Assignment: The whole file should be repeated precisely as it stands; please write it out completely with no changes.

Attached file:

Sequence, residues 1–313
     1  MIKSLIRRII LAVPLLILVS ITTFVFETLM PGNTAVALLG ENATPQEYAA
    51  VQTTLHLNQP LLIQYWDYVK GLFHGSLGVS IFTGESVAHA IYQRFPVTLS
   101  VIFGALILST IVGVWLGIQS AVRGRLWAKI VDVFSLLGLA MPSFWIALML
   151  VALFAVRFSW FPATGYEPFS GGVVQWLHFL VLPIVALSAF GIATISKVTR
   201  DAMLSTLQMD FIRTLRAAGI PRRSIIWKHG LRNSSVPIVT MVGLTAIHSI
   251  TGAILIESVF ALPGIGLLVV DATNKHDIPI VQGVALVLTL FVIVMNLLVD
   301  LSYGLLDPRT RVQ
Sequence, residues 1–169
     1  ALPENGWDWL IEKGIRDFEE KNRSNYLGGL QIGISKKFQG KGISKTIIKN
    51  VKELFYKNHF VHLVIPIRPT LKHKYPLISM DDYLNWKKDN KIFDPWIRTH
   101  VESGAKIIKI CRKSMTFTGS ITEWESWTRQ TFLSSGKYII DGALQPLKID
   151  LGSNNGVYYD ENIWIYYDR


Sequence, residues 1–313
     1  MIKSLIRRII LAVPLLILVS ITTFVFETLM PGNTAVALLG ENATPQEYAA
    51  VQTTLHLNQP LLIQYWDYVK GLFHGSLGVS IFTGESVAHA IYQRFPVTLS
   101  VIFGALILST IVGVWLGIQS AVRGRLWAKI VDVFSLLGLA MPSFWIALML
   151  VALFAVRFSW FPATGYEPFS GGVVQWLHFL VLPIVALSAF GIATISKVTR
   201  DAMLSTLQMD FIRTLRAAGI PRRSIIWKHG LRNSSVPIVT MVGLTAIHSI
   251  TGAILIESVF ALPGIGLLVV DATNKHDIPI VQGVALVLTL FVIVMNLLVD
   301  LSYGLLDPRT RVQ
Sequence, residues 1–169
     1  ALPENGWDWL IEKGIRDFEE KNRSNYLGGL QIGISKKFQG KGISKTIIKN
    51  VKELFYKNHF VHLVIPIRPT LKHKYPLISM DDYLNWKKDN KIFDPWIRTH
   101  VESGAKIIKI CRKSMTFTGS ITEWESWTRQ TFLSSGKYII DGALQPLKID
   151  LGSNNGVYYD ENIWIYYDR